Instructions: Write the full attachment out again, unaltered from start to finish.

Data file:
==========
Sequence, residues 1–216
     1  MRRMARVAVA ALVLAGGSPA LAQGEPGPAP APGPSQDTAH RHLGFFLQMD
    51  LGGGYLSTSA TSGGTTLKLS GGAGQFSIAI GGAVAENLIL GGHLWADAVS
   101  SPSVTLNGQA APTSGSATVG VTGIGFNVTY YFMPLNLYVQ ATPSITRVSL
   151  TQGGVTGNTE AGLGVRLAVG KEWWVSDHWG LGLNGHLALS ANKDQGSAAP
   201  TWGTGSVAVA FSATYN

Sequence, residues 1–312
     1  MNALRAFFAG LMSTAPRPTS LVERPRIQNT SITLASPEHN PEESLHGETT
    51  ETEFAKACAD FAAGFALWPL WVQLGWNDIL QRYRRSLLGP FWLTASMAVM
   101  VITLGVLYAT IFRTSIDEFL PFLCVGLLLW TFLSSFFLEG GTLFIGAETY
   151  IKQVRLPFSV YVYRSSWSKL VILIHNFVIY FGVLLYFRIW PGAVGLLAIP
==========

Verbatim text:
Sequence, residues 1–216
     1  MRRMARVAVA ALVLAGGSPA LAQGEPGPAP APGPSQDTAH RHLGFFLQMD
    51  LGGGYLSTSA TSGGTTLKLS GGAGQFSIAI GGAVAENLIL GGHLWADAVS
   101  SPSVTLNGQA APTSGSATVG VTGIGFNVTY YFMPLNLYVQ ATPSITRVSL
   151  TQGGVTGNTE AGLGVRLAVG KEWWVSDHWG LGLNGHLALS ANKDQGSAAP
   201  TWGTGSVAVA FSATYN

Sequence, residues 1–312
     1  MNALRAFFAG LMSTAPRPTS LVERPRIQNT SITLASPEHN PEESLHGETT
    51  ETEFAKACAD FAAGFALWPL WVQLGWNDIL QRYRRSLLGP FWLTASMAVM
   101  VITLGVLYAT IFRTSIDEFL PFLCVGLLLW TFLSSFFLEG GTLFIGAETY
   151  IKQVRLPFSV YVYRSSWSKL VILIHNFVIY FGVLLYFRIW PGAVGLLAIP